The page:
ArchiMate Modeling in Practice: 3 solution model example cases

Bas van Gils & Sven van Dijk
Posted by Bas van Gils & Sven van Dijk on Apr 14, 2013

Enterprise Architecture, ArchiMate

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In the previous posting we presented best practices for setting up ArchiMate models using a bottom-up approach. In this posting we will describe three case examples illustrating the added value of solution models. The three cases are: 

  • Rationalize your systems landscape
  • Adding value by supporting projects with architecture
  • Outsource a process 

Rationalize your systems landscape

Suppose that management has “finally seen the light” and has decided that it is time for a major overhaul of the information systems landscape. Recent audits have shown that there is a lot of duplicate functionality, there are many security risks, platforms will be out-of-date soon and worst of all, process owners are complaining non-stop about faulty data. Your task is to map out the baseline situation for planning purposes. Where to start? 

  • After agreeing on scope (what part of the landscape is part of the overhaul), the first thing to do is pull all old documentation you can find. Functional descriptions, infrastructure maps, you name it.
  • In terms of modeling we need to know:
    • Which processes uses which system. Don’t worry too much about mapping out the application services in great detail. A high-level mapping should suffice;
    • Which services from systems are used by other systems;
    • What are the main functions and data objects in the system (“first order functional decomposition”);
    • Which infrastructure services are used, and in which node are they realized?
    • What are the main platforms in each node, and where (location) are they running?


We have found that using this structure you can quickly cover a lot of ground. A small working group does the ground work, and then we ask others (ie. people from operations) to review our work to come up with a more complete model. 

Adding value by supporting projects with architecture

This is a similar issue, but now the focus is not so much on the systems but on the process side of things. We were involved in several engagements where we supported processes with an architecture approach. 

One of the key issues is that the term “project management process” is often interpreted differently by many different players. What does it mean? Where does it start and where does it end?  In practice we often get answers like “That’s obvious! Everyone knows that ….!”. But after comparing the various perspectives and views on the process, it seems that there are more discrepancies than expected. A workshop approach is an excellent tool to get a shared understanding. After that it is usually smooth sailing:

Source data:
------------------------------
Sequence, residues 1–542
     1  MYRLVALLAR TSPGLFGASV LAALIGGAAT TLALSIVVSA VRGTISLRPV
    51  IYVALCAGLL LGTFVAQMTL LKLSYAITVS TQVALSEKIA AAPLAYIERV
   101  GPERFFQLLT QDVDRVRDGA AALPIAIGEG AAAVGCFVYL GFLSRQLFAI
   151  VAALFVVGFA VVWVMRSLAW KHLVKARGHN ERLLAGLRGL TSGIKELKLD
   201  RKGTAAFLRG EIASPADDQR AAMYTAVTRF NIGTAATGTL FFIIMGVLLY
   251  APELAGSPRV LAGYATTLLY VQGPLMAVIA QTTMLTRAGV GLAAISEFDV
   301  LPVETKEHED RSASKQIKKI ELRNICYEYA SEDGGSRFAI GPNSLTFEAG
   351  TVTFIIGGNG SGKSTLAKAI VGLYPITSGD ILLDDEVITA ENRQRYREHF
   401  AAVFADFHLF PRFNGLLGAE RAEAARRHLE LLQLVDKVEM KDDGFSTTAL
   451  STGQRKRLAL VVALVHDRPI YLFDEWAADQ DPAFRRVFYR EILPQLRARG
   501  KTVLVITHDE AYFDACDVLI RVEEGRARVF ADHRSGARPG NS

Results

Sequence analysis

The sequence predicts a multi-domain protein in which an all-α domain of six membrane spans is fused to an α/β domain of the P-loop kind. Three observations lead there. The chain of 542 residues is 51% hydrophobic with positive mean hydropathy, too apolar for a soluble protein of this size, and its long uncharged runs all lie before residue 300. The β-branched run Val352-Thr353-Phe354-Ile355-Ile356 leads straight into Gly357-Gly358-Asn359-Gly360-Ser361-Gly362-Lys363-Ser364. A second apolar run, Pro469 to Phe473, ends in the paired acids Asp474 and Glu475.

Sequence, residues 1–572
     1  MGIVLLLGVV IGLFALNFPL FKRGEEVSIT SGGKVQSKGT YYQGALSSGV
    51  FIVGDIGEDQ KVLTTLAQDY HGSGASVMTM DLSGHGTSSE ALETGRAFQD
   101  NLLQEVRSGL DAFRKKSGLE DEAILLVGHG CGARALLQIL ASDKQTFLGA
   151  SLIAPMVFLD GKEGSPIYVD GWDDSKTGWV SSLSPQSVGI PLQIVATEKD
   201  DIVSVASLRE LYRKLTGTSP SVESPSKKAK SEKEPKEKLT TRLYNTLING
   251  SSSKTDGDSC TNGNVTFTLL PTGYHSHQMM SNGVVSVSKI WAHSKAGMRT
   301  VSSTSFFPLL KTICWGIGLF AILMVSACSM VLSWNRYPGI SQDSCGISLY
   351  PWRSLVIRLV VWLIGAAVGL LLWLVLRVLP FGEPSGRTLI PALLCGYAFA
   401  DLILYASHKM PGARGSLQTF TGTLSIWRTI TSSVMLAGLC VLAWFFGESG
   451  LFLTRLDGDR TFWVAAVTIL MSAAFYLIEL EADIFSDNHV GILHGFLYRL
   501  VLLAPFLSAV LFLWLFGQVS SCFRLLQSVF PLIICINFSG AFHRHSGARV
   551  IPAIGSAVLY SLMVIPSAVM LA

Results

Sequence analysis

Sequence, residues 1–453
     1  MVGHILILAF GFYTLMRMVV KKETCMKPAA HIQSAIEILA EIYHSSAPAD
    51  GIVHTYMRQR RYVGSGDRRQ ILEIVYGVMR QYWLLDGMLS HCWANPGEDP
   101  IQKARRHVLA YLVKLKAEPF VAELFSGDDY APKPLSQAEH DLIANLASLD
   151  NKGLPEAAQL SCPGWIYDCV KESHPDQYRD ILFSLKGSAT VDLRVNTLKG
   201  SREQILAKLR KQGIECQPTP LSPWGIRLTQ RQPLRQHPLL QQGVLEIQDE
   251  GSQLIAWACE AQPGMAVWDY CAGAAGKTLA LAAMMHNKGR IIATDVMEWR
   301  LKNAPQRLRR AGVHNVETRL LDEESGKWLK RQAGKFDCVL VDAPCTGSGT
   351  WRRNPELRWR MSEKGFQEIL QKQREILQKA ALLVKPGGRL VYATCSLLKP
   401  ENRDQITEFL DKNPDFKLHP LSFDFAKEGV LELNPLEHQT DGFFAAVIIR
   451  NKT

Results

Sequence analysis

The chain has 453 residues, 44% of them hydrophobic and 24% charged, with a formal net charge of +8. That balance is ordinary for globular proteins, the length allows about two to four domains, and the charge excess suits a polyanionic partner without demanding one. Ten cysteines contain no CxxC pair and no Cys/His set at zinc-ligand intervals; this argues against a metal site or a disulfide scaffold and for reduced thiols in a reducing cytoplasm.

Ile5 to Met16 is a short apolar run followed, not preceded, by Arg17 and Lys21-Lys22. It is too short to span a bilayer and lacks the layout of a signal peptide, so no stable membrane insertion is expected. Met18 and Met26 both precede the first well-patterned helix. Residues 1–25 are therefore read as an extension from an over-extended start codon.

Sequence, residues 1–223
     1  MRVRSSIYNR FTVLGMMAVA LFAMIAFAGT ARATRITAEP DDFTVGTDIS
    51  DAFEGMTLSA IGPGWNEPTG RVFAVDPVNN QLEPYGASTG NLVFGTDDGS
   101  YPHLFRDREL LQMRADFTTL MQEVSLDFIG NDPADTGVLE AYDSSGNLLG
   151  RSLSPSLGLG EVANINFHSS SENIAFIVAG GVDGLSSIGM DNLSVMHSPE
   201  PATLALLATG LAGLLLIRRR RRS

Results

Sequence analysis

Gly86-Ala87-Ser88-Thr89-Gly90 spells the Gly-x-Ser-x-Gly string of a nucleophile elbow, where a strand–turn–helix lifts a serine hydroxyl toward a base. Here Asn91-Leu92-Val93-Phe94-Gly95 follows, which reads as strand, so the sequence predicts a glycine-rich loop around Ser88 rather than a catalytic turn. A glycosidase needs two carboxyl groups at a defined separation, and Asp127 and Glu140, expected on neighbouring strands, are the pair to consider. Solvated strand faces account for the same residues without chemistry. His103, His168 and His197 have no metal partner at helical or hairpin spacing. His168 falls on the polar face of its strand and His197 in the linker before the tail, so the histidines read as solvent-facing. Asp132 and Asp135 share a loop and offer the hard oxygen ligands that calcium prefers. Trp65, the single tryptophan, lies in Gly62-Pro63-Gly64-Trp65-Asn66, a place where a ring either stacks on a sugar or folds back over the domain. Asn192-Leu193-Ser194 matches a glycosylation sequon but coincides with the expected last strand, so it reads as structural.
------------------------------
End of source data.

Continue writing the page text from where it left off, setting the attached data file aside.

• Start with getting agreement on scope as discussed
  • Then figure out what we want to improve in the current situation and how architecture can contribute.
    • Often this can be formulated in terms of (business) services.
    • Example: architecture can help with impact analysis à define a business service called ‘impact analysis’
  • The ‘services’ that are to be used by / in the project management process should be translated to an architecture process.
    • A reference model of the architecture approach (e.g. TOGAF) can help to make this easier
  • Once the process is in place it is time to define:
    • Roles + interactions with the roles in the project management process
    • Deliverables
    • A RACI-chart to indicate accountability etc.

Once the model has been made, one can either have it reviewed, or setup a “role playing” session to enact the process in order to test it.

Outsource a process

The last scenario is more tricky: outsourcing a process entails a lot of changes. We’ve seen some very simple models where the architect simply said: we’ll assign a new actor to the process and be done with it. To really see the impact of outsourcing, a bit more is required. 


As usual – we start by defining scope. What process are we outsourcing? Or, what part of a process are we outsourcing? Not only that, we also need to find out what the relation to remaining processes are. For example: are our processes triggering the process at our new partner? Or are we using a service of our partner in our processes? What does this mean for the flow of our own process: do we have to wait until ‘they’ have completed their work, or can we simply continue? 

Once that is figured out, the next step is to worry about such things as interactions between professionals  access to information systems.


The above diagram illustrates this: here we see the two organizations (modeled as actors), the two processes, interlinked with a business service. So far nothing new. We’ve also represented the fact that the last role in “our” process must somehow interact with the first role in “their” process. Similarly, in our process we have always used an information system. Their information system must interact with ours, so we will need a new interface to our system.

Of course this is just an example, but still: the approach is ‘scalable’ in the sense that such views can be extended one step at a time to cover each of the relevant aspects.

By using different models in the same repository that are interlinked, your models will be much more valuable. With advanced reporting capabilities in Enterprise Studio, any user with a web browser can get access to your models. Read more on setting up a model repository in our next post, so as always: Stay tuned!



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